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Bad email habits to break right now

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in Office Communication,Workplace Communication

How many emails do you send and receive each day? Probably so many you’ve developed bad habits and reflexes you don’t even think about anymore. Everyone has email habits they need to break to be more professional and communicate better, says Peggy Duncan, productivity expert, author of Conquer Email Over­­load with Better Habits, Etiquette and Out­­look and founder of The Digital Break­­­­­­­­throughs Institute.

Here are some of the habits she told Fast Company contributing writer Lisa Evans we should all work to break.

Hitting “reply all.” Unless it’s absolutely necessary, don’t do it. If only one person in the thread needs the info, just send it to that individual, and avoid cluttering everyone else’s inbox.

Writing vague subject lines. Sub­­ject lines should tell readers precisely what the email is about before they open it. In Evans’ email reaching out to Duncan, the subject line was “media inquiry—Fast Company.” Duncan says this was a good start, but not specific enough. She knew it was a media inquiry and for which publication but not the subject of the inquiry. When she returned it, Duncan changed it to “media inquiry—Fast Company—email.”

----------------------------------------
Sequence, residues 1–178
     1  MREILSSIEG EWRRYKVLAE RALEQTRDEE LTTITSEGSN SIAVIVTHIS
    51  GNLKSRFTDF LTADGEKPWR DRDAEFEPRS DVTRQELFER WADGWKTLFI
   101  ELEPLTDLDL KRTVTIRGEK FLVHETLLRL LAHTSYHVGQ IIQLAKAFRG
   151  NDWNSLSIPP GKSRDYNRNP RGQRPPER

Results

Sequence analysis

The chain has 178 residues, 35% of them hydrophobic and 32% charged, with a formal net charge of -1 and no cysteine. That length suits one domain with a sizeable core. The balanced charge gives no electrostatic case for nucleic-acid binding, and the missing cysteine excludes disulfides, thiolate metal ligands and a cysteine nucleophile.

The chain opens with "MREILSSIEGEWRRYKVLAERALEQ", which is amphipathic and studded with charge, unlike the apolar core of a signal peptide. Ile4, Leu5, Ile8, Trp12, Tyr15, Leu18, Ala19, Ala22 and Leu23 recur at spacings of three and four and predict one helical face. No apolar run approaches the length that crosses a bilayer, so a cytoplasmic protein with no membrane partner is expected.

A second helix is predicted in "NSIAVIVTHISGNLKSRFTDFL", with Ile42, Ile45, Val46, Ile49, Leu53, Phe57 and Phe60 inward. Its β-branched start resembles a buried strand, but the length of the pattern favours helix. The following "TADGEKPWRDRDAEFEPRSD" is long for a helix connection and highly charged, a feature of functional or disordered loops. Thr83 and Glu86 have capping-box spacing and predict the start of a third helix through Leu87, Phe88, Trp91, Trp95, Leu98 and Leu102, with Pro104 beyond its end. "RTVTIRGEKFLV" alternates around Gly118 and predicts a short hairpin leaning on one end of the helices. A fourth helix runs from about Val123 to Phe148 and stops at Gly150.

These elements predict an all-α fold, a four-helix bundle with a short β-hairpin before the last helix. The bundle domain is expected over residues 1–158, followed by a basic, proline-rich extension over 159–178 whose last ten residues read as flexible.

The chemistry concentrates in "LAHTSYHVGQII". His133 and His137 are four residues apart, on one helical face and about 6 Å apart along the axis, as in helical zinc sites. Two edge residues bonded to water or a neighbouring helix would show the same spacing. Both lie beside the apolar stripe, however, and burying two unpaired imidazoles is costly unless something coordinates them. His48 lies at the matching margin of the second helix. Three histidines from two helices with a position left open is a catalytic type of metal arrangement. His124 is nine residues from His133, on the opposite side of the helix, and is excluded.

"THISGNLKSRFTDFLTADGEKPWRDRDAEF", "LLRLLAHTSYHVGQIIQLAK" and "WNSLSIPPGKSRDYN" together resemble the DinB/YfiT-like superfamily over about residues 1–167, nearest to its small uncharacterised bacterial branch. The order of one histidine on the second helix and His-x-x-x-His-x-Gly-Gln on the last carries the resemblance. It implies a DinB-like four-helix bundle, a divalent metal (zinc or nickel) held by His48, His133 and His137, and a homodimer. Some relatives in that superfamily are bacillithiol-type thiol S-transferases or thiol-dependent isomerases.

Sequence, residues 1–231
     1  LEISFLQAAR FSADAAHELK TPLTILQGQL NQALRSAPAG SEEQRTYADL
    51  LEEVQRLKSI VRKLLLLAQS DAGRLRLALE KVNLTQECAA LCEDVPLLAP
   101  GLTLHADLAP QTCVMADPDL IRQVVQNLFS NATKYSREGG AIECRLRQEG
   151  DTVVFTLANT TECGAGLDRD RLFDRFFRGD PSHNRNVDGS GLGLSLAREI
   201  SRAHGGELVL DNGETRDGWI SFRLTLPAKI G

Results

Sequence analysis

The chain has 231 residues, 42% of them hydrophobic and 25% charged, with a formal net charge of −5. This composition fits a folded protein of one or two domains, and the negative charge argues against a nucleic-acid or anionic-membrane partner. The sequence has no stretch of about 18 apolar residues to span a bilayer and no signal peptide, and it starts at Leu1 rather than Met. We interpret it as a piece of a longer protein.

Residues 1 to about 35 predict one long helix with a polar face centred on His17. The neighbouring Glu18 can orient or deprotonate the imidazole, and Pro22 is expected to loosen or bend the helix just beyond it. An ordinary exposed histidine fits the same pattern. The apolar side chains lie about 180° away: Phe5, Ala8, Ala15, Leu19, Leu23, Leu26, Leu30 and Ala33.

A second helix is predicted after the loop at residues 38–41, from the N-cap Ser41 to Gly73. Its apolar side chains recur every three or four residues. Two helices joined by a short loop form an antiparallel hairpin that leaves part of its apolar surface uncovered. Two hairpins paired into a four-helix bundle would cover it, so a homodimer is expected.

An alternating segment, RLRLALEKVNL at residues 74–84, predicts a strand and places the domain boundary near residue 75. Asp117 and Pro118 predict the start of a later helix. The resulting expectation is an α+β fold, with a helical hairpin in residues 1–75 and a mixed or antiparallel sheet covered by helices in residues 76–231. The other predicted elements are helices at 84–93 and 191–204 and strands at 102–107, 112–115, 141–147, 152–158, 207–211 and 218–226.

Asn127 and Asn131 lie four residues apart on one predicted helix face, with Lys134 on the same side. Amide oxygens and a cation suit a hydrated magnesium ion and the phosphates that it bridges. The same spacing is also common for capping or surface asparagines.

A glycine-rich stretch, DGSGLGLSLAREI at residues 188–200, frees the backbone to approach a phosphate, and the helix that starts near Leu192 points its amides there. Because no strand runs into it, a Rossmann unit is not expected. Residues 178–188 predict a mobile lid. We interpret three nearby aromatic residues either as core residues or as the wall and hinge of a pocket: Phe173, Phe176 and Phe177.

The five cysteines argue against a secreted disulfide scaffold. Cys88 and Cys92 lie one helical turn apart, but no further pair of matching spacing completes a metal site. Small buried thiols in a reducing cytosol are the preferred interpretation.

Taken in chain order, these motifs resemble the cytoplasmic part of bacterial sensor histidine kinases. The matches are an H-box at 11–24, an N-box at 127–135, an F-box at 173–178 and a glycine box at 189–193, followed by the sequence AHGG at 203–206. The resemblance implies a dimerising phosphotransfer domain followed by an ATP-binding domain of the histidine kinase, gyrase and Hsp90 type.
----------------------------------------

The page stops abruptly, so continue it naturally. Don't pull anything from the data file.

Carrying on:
Using inaccurate subject lines. If a thread is so long that what once began as an accounting memo has now veered into a discussion of items left in the breakroom fridge, that needs to be a new thread or you need to change the subject line.

Sending short, unnecessary re­­plies. Stop saying “thank you.” Stop saying “OK.” These one liners aren’t helpful, don’t convey information to the recipient and clutter inboxes. Your acknowledgment and thanks are implied. You don’t have to share. If you receive too many of these, you can put in your email or subject line that no reply is necessary.

Replying immediately without an answer. If someone sends you a question and it will take you time to research the answer, go find it, and then email the person back. Don’t feel like you have to reply immediately to say that you’ll find the answer. That’s just more clutter. A substantial, accurate answer is worth the wait.

— Adapted from “7 Email Habits You Need to Break,” Lisa Evans, Fast Company.

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